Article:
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As the curtain came down on the leadership struggle in the Congress in Karnataka, culminating in Siddaramaiah becoming chief minister, there is still no clarity about whether he and his closest rival, D K Shivakumar, have actually agreed on a rotational deal over chief ministership.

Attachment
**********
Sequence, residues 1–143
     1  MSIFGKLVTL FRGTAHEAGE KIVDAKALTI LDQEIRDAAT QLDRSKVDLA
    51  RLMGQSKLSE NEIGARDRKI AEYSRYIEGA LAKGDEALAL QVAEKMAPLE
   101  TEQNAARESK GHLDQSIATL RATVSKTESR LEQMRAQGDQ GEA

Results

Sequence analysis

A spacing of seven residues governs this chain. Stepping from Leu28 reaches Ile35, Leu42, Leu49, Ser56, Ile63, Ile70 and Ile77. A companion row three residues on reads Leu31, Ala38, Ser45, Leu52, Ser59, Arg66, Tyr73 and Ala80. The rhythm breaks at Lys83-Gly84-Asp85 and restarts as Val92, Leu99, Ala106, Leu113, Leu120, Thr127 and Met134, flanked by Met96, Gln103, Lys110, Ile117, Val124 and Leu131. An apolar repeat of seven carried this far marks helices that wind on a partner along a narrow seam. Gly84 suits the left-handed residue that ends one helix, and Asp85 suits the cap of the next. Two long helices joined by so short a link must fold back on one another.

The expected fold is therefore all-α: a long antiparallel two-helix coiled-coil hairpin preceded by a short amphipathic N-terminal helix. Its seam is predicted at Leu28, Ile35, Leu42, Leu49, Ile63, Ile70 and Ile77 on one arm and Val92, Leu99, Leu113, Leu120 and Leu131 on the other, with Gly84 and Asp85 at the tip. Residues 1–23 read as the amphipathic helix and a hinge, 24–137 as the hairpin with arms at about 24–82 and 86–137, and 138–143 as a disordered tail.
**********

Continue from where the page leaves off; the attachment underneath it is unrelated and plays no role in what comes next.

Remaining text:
Exactly why this “arrangement” is being kept such a closely guarded secret is a mystery. It is a perfectly normal power-sharing formula followed all over the world: In Israel, Malaysia, and even the fount of democracy, Britain, where in 1994, the unexpected death of John Smith, then leader of the Labour Party, led to a meeting between the two acknowledged bosses of the party: Tony Blair and Gordon Brown. The two men agreed (it is thought, over dinner at a restaurant called Granita in London’s Islington, which is why the pact came to be known as the Granita Agreement) that Mr Brown would not stand in the Labour leadership elections to afford Mr Blair an easier victory
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